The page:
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Spotify fires back over Taylor Swift’s boycott

Spotify has issued a ‘Swift’ rebuttal over pop star Taylor’s decision to remove her back catalogue from the popular music streaming service.

The hugely popular Shake It Off singer announced she was abstaining from Spotify last week, claiming the service does not fairly compensate writers and artists for their music.

In a lengthy response Spotify CEO Daniel Ek pointed out the Swedish company licenses every song available through the service and has so far paid out more than $2 billion in royalties to artists.

“That’s two billion dollars’ worth of listening that would have happened with zero or little compensation to artists and songwriters through piracy or practically equivalent services if there was no Spotify,” he wrote.

Within the post Ek claims the alternative to the funds dished out by Spotify is the zero revenue artists bring in through privacy. Ek is now worried those who streamed Swift’s music through Spotify will now go back to sites like The Pirate Bay.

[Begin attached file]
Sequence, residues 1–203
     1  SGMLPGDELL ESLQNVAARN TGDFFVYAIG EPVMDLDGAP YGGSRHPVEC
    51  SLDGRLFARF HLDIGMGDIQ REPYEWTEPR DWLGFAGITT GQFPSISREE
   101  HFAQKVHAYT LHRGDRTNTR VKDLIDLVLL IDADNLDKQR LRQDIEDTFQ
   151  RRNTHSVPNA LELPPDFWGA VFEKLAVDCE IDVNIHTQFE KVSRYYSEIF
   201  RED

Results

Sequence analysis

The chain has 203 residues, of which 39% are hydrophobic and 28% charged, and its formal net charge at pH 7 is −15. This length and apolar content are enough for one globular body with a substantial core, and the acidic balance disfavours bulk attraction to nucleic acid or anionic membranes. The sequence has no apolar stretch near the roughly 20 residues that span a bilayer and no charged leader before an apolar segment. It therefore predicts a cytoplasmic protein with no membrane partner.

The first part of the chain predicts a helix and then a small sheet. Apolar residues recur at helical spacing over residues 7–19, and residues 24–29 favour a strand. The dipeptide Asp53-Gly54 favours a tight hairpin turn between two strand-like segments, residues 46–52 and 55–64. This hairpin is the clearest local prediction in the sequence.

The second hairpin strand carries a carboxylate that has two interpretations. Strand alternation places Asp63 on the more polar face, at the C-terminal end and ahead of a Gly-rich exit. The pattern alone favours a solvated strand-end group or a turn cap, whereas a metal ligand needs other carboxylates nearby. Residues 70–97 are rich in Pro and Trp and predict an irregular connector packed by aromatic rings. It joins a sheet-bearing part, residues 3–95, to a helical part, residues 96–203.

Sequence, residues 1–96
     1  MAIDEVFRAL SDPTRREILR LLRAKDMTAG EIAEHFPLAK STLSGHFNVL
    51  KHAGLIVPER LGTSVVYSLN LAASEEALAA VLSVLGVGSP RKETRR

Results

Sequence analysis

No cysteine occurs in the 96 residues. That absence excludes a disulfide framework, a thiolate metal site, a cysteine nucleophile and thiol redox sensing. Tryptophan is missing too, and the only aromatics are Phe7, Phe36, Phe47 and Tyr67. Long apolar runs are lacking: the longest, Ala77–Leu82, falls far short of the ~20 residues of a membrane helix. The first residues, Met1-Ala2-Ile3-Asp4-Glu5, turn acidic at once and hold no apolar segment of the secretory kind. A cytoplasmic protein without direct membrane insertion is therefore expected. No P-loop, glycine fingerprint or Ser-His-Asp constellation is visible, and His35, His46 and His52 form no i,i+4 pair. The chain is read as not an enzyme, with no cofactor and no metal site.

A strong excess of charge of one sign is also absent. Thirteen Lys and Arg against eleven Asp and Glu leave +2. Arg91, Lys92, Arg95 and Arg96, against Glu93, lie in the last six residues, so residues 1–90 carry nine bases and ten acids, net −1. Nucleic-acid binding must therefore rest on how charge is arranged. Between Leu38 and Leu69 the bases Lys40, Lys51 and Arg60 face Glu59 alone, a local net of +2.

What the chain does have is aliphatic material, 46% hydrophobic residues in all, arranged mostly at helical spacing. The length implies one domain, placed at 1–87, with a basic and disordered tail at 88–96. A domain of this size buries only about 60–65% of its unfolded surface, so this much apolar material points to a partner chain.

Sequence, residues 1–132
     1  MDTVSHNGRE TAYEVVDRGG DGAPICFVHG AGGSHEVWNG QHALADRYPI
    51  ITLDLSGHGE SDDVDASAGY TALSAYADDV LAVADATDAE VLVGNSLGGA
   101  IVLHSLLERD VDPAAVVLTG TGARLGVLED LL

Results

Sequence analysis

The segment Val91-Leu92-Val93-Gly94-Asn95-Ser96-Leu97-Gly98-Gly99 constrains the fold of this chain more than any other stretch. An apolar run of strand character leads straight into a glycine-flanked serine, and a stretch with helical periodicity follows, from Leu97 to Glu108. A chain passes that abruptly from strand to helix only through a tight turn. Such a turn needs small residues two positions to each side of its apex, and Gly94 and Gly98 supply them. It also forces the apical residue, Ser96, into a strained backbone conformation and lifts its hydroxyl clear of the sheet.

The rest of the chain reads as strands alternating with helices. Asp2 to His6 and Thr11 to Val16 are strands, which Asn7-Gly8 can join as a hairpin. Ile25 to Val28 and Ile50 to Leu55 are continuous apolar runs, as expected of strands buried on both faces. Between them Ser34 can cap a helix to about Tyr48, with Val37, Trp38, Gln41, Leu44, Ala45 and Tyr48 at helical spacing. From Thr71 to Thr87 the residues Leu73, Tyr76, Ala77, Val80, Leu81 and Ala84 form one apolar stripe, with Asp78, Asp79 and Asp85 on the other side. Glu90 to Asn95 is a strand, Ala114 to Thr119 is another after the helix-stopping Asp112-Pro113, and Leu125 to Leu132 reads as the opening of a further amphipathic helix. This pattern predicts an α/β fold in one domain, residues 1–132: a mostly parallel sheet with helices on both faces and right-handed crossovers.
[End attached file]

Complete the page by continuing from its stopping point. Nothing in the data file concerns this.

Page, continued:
“You can’t look at Spotify in isolation,” he wrote. “Even though Taylor can pull her music off Spotify (where we license and pay for every song we’ve ever played), her songs are all over services and sites like YouTube and Soundcloud, where people can listen all they want for free.

“To say nothing of the fans who will just turn back to pirate services like Grooveshark. And sure enough, if you looked at the top spot on The Pirate Bay last week, there was 1989 [Swift’s latest album].”

Ek says that while listening and buying habits are changing, Spotify is ensuring artists are being paid for music again, saying: “We’re connecting artists to fans they would never have otherwise found, and we’re paying them for every single listen. We’re not just streaming, we’re mainstreaming now, and that’s good for music makers and music lovers around the world.”

Our own Jon Mundy weighed in last week, which side of the streaming debate do you fall on? Are services like Spotify saving or destroying music?

Read more: European musicians earning more from Spotify than iTunes